But I now want to return to where this started, Luke 6:31.
The use of this phrase appears so often in settings like this, but there are other verses which surround it that seem to be ignored. At the very least Luke 6:27-36 needs to be read to put it in context:
Love for enemies
‘But to you who are listening I say: love your enemies, do good to those who hate you, bless those who curse you, pray for those who ill-treat you. If someone slaps you on one cheek, turn to them the other also. If someone takes your coat, do not withhold your shirt from them. Give to everyone who asks you, and if anyone takes what belongs to you, do not demand it back. Do to others as you would have them do to you.
‘If you love those who love you, what credit is that to you? Even sinners love those who love them. And if you do good to those who are good to you, what credit is that to you? Even sinners do that.  And if you lend to those from whom you expect repayment, what credit is that to you? Even sinners lend to sinners, expecting to be repaid in full. But love your enemies, do good to them, and lend to them without expecting to get anything back. Then your reward will be great, and you will be children of the Most High, because he is kind to the ungrateful and wicked. Be merciful, just as your Father is merciful.

And when we read it within the context it’s intended we can see that actually we are not supposed to say that others should only say things that don’t offend anyone, but that this instruction is aimed at us, that we should think about the things that we say, but not that we should then be enforcing it upon others. Indeed, far from saying that others, whether Christian or not, should follow this teaching we are called to turn the other cheek and love them.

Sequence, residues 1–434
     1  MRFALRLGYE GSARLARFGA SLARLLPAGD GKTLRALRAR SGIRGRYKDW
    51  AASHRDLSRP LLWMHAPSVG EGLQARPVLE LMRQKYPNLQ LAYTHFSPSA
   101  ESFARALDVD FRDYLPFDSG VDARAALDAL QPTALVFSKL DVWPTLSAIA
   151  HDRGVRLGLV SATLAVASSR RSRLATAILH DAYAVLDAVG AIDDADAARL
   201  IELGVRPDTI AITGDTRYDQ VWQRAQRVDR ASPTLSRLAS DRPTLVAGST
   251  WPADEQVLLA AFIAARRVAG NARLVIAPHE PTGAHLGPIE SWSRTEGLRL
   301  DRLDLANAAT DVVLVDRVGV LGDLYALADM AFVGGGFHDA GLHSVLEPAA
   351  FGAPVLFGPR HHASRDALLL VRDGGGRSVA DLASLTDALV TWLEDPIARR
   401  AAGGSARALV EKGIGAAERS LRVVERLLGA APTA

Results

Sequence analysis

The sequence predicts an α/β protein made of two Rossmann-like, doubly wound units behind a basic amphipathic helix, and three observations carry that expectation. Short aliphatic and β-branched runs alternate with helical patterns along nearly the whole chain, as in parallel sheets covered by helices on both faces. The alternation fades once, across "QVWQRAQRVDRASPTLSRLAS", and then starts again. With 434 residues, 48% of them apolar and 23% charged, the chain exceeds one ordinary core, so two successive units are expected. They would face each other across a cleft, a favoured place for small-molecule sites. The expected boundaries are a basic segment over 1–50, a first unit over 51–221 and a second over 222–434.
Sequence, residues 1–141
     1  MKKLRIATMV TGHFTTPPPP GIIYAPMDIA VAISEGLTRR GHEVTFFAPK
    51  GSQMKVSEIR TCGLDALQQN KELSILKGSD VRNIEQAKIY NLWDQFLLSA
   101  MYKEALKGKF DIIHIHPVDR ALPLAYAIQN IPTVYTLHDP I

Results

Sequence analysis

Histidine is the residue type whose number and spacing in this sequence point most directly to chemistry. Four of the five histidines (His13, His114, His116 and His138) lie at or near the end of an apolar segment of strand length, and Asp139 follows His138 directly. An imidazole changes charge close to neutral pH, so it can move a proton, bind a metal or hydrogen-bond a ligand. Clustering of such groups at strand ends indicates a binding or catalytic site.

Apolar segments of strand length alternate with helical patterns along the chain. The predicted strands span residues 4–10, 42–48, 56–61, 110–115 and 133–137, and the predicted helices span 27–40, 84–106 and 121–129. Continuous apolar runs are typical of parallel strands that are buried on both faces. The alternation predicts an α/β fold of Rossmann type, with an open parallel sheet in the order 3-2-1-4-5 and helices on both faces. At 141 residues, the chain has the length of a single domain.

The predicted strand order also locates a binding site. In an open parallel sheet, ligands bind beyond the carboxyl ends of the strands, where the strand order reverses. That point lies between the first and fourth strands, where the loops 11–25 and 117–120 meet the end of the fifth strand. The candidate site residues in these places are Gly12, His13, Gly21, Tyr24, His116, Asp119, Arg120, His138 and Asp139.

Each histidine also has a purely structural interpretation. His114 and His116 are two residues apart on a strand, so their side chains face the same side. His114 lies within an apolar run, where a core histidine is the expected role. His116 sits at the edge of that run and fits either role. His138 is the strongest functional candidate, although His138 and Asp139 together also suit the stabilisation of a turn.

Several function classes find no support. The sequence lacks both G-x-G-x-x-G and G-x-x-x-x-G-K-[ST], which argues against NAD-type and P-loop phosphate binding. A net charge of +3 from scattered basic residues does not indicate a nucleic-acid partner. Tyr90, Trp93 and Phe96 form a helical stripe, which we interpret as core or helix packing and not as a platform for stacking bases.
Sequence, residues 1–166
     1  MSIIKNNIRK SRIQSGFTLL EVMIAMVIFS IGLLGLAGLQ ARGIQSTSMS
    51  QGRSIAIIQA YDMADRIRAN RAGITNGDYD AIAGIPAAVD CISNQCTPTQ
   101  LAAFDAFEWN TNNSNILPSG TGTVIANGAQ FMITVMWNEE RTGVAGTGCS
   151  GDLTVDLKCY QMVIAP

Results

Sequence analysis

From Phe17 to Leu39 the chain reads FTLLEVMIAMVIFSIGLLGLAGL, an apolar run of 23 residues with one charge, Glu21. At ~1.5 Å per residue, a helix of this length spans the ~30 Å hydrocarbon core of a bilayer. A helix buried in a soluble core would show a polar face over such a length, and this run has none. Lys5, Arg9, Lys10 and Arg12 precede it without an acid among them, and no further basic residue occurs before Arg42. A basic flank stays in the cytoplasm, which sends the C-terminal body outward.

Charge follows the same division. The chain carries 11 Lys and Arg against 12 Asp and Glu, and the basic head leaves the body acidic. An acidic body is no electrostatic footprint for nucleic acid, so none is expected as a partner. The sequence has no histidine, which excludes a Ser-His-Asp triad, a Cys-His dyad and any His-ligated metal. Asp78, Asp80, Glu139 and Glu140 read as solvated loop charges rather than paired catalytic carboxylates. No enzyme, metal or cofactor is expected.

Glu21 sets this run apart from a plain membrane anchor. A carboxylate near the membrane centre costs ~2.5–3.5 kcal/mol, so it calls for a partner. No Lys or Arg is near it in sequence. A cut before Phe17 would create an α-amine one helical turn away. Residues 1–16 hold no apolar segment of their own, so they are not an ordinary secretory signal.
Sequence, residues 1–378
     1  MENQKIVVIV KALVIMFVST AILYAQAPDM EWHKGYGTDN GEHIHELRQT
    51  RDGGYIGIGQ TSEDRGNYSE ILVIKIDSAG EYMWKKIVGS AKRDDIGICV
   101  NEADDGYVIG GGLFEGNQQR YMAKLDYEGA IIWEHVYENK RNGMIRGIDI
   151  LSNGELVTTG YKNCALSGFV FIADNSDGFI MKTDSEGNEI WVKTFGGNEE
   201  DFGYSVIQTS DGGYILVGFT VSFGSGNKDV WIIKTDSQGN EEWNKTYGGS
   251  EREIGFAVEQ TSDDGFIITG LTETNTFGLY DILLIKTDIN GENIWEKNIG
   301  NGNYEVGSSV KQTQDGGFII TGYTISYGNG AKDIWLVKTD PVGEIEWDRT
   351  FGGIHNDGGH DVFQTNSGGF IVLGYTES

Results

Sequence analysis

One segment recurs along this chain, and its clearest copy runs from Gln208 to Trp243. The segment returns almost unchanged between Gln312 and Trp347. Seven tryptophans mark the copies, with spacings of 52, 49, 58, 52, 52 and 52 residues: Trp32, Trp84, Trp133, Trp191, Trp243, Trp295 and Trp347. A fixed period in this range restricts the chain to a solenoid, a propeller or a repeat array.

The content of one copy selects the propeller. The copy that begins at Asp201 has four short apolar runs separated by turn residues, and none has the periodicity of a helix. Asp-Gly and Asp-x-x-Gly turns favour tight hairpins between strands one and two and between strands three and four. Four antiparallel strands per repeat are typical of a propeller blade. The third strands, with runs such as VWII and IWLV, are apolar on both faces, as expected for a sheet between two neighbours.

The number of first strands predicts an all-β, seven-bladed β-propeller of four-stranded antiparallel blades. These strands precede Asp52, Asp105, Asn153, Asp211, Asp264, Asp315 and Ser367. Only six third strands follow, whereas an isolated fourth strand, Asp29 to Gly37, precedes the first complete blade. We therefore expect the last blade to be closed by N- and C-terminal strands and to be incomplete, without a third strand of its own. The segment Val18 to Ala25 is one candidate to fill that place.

And this is where I think that so many people in the western world could do with getting a grip and realising that if you want to live in a tolerant society then we should actually tolerate when people say things that we find offensive. When it turns into incitement to violence that fine, but so long at it is just people saying things that some might be offended by but are purely thoughts and opinions we need to accept that that is how we are called to treat others by Jesus. We don’t have to like the things that are said, but we are not called to silence them because we don’t them either.
And so, to refer back to my title question, yes I think it is Christian philosophy gone mad. Not because Christianity is wrong, but because the thought has been taken so far out of context that actually it misses the point and, in fact, by turning it into a law it goes against the point Jesus was making!